Radical has become a dirty word in today's society. You're more likely to think of terrorists than groundbreaking scientists when you hear the word. Yet radical comes from the Latin meaning "of or having roots" or "going from the origin" and essentially means changing something from the roots of where it came from. This is an essential part of progressing intellectual thought, but these days, most professors wouldn't shout proudly that they were radicals or had radical ideas.
Being too radical can put tenure out of reach.
Getting a job in academia is hard, much harder, in fact, than many Ph.D. students realize. Because of that, many professors are driven pretty hard to get tenure and give their positions at a school some security. Sadly, radical ideas, however brilliant they may be, aren't often the best path to tenure. In a paper published in 1998, Professor Paul Cantor stated that tenure is actually a very effective way of controlling "radical" professors, stating "â¦under current circumstances by far the most likely outcome of abolishing tenure would be to increase radicalism of the academic community in the United States." Simply put, if professors want to get tenure, they have to behave and many are more than willing to do so rather than chance losing their jobs and years of hard work and study.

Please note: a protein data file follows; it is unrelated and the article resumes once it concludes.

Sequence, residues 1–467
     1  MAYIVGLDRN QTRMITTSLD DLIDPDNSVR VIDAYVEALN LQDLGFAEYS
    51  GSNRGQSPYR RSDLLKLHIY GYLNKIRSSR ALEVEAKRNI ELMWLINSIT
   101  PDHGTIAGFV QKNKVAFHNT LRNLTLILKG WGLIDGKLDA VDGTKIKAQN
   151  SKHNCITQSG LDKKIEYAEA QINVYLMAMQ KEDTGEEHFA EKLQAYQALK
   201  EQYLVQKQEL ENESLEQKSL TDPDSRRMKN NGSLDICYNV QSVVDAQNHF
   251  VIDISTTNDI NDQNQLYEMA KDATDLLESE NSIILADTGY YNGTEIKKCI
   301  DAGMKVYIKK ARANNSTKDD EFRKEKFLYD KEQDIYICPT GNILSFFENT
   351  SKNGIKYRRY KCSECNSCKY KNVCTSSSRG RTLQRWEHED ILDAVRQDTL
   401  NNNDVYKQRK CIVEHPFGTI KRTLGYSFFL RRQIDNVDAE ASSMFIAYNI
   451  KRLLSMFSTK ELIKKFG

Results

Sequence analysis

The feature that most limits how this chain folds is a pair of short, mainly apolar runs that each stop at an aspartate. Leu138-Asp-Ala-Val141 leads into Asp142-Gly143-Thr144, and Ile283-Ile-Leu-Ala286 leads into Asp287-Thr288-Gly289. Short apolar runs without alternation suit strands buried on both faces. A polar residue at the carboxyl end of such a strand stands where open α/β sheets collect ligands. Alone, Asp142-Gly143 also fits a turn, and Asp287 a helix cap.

Radical ideas are less likely to win funding.